Hoping for a cloud inversion at dawn (photography fans) we are lying in the roof tent listening to the drizzle in the dark. It is cold and dank at 4,200m and yet there remains a dog roaming the hillside barking to remind me why I dislike dogs.*
*When I am trying to sleep and they are barking.
This was spot intended as night one accommodation on a Nelson Tours(TM), ‘two days one night, all inclusive’ trip from Cusco up the scared valley.
Given the coach loads of tourists making this loop, either on the way to or back from Machu Pichu, on tight regimented schedules, I thought it might be fun to take in the sights an hour or two out of sync and have the places to our selves. As such I loosely planned a couple of days and made Daphne my non paying singular tourist for this exclusive trip.
The trip advisor review of the trip can be read below:
“It was amazing, truly a life changing experience. Our tour guide, Andy, spoke English reasonably well and was very knowledgable about the area and its history. We sampled local food and really connected with the locals, it was such an ethnically enriching day for us. Would highly recommend. Five stars!!!”
As many of you know, the Nelson Tours operation is highly regarded in the tourist industry, known for unexpected and often unrepeatable experiences. Which is how we found ourselves driving switch back after switchback in freezing fog, almost total darkness and very little promise of finding somewhere to pull off the narrow road for somewhere to sleep. Daphne, I believe, at this point was experiencing what we in the trade may euphemistically refer to as ‘buyer’s remorse’.
Just a few hours earlier we had passed through the famous resort town/ inca fortress / tourist stop, of Ollytaytambo, We passed it as darkness fell and the gates were closed. All part of the plan, dear reader, though that point was difficult to verbalise to Daphne at the time.
The day had started better. Nelson Tours had made a single hotel pick up of its guest just near San Juan market central Cusco, at a very convenient time and then stopped at the entrance of, or at least slowed down as we passed, the many ruins en-route to the sacred valley with guide book excerpts delivered in a slightly Greek accent. At Pisac we cruised the deserted (two hours after coach rush hour) tourist market looking for a cape, again, and then hunted for the colonial stone oven that has served hot empanadas since the 1800’s. Cultural!
Nelson Tour’s next stop was a condor sanctuary. Up close and personal with these birds, literally in-side the enclosure and inches from the roosting behemoths, which can live up to 90 years old and have a 3m wingspan was all part of the package. Meanwhile, the only guest for NelsonTours snoozed in the truck. (I saw hunter-orphaned rescue bears from the Amazon jungle, black market macaws recovered from drainpipes (90% mortality during export) spider monkeys, squirrel monkeys and a pen of super cute squeaking guinea pigs. 2km down the road I saw more guinea pigs, being waved around on the end of a spit by enthusiastic touts hawking roasted dinners. Nelson Tours did not stop.)
The tour bus (Gellan, the 4×4) wove its way through fields of subsistence farmers, tilling the land with donkey and plough, bending their backs to sickle their crops or sitting in doorways getting shitfaced on local booze. As ever the stark contrast between the shuttling wealth-wagons of tourist cattle being prodded through the valley in goretex and puffer jackets, and the basic hardship of daily agricultural life was not lost on me.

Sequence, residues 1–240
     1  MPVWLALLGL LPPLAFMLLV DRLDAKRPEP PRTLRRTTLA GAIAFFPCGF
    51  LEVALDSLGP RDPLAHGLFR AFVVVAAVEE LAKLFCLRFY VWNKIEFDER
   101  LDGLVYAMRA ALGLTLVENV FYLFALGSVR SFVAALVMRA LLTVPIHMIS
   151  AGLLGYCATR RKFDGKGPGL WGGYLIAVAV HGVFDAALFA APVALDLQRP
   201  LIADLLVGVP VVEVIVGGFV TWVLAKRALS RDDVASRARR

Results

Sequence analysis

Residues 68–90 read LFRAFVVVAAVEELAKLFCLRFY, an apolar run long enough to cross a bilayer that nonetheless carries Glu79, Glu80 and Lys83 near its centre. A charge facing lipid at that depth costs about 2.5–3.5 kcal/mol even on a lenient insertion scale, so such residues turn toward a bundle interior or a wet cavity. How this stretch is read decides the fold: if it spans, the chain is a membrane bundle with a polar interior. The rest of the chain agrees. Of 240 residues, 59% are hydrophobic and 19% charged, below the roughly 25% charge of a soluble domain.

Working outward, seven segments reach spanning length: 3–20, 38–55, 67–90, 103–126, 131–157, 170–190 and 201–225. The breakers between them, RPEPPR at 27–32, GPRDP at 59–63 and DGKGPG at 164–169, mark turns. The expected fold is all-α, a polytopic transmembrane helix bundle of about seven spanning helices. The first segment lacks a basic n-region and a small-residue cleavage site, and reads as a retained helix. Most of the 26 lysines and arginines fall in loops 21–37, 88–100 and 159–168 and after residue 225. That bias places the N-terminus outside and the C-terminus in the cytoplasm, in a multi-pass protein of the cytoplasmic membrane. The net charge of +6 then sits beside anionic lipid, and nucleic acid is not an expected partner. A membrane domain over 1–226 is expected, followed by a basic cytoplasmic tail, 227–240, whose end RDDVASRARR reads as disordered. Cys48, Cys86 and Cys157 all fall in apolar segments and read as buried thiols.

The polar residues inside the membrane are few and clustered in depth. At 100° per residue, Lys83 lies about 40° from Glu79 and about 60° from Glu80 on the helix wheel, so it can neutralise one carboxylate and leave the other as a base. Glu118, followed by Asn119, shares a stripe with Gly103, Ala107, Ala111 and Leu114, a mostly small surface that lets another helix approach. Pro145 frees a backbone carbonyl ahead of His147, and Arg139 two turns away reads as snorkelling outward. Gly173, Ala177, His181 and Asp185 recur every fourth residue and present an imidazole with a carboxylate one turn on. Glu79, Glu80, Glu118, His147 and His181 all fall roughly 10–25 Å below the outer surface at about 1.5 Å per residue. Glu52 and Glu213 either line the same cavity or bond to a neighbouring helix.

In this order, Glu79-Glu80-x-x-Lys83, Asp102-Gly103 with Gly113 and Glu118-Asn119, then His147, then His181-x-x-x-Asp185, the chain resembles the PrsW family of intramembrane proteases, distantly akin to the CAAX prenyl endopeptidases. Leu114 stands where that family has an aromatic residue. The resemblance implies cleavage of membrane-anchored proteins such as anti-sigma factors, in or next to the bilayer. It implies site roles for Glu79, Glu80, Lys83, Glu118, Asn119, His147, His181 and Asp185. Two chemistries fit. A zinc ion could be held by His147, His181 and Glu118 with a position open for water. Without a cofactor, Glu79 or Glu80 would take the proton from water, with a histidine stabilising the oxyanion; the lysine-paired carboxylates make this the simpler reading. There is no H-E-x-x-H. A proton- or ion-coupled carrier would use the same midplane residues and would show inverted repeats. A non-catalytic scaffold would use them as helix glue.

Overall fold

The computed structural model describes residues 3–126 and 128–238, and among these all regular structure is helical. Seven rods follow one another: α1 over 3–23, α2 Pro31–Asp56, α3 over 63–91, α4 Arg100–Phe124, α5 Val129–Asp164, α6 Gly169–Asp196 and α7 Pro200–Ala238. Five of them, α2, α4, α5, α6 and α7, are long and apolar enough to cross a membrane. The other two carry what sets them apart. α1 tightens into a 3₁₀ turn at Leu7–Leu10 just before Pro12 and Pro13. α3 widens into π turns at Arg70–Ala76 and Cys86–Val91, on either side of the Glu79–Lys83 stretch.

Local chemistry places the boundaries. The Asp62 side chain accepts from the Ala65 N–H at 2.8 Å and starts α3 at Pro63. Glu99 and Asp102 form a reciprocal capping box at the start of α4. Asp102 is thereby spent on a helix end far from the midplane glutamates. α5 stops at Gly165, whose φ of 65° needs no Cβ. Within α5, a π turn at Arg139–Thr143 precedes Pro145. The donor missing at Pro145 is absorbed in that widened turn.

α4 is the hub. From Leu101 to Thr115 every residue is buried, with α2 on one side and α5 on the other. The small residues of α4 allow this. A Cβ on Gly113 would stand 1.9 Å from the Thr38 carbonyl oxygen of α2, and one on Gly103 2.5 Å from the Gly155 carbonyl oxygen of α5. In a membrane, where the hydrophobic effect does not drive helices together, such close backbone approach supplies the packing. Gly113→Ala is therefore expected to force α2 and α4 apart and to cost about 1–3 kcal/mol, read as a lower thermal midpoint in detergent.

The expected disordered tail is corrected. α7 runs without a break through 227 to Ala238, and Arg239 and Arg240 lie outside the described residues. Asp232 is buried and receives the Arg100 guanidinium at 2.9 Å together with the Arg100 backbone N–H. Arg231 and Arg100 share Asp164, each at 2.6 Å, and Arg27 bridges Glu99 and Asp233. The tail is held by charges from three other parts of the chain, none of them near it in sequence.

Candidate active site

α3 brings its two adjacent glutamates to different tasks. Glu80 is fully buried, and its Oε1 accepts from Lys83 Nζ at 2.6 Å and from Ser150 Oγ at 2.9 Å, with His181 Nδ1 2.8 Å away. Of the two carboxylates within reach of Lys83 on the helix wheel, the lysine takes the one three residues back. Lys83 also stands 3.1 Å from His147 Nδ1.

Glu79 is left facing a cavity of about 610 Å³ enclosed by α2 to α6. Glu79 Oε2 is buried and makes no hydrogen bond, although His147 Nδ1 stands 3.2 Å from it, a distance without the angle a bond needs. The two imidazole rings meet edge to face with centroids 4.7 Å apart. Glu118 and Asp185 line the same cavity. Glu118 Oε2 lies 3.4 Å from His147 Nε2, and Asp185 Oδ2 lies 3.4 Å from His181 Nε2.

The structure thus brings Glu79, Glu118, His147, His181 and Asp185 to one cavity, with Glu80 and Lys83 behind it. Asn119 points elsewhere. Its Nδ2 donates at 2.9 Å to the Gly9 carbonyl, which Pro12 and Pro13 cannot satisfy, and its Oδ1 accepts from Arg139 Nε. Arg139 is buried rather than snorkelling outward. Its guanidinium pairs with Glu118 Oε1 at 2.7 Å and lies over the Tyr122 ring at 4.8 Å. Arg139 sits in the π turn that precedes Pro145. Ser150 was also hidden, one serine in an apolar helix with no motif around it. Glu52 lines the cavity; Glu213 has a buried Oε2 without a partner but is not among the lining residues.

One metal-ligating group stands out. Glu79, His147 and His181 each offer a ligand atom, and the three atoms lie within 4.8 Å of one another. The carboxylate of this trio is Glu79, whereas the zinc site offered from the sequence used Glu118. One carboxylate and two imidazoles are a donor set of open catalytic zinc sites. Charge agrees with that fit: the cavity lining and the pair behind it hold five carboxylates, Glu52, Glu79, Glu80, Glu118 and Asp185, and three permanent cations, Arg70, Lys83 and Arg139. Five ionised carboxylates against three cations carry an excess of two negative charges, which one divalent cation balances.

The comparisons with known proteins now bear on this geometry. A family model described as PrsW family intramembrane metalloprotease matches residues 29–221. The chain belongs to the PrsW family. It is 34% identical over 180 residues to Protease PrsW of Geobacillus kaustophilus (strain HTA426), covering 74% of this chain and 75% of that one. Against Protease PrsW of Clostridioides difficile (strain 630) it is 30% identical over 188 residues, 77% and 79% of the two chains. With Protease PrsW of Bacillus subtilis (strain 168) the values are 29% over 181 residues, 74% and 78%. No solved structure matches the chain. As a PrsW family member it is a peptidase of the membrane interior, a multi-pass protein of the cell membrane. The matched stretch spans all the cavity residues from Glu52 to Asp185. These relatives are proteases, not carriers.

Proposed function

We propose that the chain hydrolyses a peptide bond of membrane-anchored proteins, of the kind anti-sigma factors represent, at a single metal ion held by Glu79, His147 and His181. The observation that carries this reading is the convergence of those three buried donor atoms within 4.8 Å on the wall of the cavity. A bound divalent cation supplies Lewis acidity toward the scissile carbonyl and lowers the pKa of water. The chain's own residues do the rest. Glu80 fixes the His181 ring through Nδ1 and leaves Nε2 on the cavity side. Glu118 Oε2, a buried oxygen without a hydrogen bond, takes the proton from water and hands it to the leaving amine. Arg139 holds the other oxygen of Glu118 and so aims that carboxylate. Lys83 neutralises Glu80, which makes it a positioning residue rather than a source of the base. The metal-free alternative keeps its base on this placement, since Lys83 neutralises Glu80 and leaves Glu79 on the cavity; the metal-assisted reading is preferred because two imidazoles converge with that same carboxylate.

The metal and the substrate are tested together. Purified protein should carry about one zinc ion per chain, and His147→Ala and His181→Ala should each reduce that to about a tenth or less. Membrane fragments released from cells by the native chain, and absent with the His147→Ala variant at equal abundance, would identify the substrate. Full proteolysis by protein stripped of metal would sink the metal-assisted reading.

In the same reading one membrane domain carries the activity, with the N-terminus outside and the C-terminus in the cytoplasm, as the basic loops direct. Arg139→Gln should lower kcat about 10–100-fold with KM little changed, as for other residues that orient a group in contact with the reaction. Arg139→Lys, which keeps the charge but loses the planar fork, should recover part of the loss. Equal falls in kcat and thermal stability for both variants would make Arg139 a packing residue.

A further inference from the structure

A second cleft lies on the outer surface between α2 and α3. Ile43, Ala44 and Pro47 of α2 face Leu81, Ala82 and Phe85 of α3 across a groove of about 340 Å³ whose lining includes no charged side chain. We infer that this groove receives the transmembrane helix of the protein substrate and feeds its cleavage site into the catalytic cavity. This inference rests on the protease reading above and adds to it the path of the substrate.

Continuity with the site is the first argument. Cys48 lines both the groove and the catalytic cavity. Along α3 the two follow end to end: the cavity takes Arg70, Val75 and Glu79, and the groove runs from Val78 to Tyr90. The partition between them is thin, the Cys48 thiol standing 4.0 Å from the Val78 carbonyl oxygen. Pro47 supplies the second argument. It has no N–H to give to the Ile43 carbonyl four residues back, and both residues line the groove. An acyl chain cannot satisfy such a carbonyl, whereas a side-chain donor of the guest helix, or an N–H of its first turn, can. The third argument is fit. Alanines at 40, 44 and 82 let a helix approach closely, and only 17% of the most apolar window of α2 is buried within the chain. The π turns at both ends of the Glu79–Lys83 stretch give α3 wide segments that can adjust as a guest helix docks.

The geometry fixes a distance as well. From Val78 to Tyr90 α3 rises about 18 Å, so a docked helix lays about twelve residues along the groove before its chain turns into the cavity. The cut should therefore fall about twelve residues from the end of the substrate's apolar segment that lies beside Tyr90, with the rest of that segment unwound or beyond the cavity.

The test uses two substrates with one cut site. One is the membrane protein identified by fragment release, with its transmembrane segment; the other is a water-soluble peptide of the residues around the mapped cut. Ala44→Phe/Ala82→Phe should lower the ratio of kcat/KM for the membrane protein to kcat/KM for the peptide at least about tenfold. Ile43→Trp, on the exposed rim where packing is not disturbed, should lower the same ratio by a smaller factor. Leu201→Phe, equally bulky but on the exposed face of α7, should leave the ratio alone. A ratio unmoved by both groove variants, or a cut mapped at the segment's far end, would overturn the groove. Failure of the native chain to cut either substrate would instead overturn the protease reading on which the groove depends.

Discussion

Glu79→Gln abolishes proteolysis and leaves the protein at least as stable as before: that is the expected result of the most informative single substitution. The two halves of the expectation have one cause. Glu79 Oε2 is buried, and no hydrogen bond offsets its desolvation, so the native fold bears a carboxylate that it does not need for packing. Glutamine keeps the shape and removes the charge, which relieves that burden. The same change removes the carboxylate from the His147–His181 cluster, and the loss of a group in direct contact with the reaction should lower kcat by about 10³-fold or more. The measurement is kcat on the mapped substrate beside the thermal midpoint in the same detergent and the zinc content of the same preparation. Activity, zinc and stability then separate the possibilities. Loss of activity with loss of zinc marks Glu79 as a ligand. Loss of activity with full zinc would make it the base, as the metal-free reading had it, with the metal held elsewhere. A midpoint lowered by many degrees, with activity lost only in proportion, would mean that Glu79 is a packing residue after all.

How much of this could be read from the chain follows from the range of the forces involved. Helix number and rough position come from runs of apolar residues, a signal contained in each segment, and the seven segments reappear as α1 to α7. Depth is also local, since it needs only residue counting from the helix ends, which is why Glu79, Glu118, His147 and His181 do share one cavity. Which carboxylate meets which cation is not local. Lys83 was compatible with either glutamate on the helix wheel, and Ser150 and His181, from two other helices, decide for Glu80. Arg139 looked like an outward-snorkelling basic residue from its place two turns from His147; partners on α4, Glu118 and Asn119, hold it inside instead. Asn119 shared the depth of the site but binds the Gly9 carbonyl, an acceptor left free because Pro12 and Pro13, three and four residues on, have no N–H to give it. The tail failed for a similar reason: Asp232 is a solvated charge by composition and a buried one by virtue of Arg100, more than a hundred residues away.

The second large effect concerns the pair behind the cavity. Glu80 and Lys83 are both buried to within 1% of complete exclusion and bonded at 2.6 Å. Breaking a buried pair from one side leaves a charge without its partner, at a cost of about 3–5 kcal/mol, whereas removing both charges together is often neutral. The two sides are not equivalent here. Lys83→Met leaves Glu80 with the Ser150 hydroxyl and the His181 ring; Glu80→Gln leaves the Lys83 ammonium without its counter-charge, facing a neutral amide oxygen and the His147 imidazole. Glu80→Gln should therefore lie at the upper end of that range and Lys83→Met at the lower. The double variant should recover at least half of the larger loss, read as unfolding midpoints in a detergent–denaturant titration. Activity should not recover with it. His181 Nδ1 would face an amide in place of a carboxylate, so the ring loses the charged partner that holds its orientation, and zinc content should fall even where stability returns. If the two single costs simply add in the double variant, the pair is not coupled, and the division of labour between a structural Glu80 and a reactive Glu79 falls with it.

The old and familiar tourist town ‘us and them mentality’ I’ve known since growing up as a kid in a resort town gave me a wry smile as we stopped in a village square alongside two coaches that were discouraging tat seeking walking ATM’s into the three appropriately Alapaca textile stacked US dollar only shops. But they were on their way back, and Nelson Tours, ever the punctual operation was kind of on it’s way out.
Hence Ollytaytambo in the dark and the somewhat ‘terrifying’ (said one guest) drive up to the very head of the valley for a night in the cold and rain at forty two hundred meters.
The 5:40 alarm did not sound. I was already awake. Partly from the cold and the tight chest, gasping for air at altitude, and partly for from the anticipation of a spectacular view.
Ziiiip. Flap open. Blanket grey cloud. Bollocks.
However, I could see it shifting and hoped for a clearing. The first tinges of pre-dawn light were pinking and having come this far I was keen not to miss a shot.
Happily, our non paying Nelson Tours guest was surprisingly affable at this un-godly hour and clambered down the wooden steps and into the truck. 10 minutes later (after scraping the ice from the windscreen) and I am shooting a steaming thatch roofed hut when a local shepherdess pops up over the switchback edge and offer a photo, hand out for a few coins. Papped.
Four hundred and sixty two switch backs later and we are back at Ollantaytambo at 8am.
It is empty and open and awash in beautiful early morning light. Time for a portrait shoot. Almost like a plan coming together…
An hour later and the the Cusco loop coaches arrive and around a hundred and fifty people stream into the grounds… as we pack up and head out.
As a final Nelson Tours exclusive we stop to ‘meet local people shucking maize in traditional dress’. Ostensibly to ask directions for Cusco, as we find ourselves up an increasingly narrow and rock stern dirt track that our satnav has suggested is the quickest way to a camp ground.
*when wild camping and they keep me awake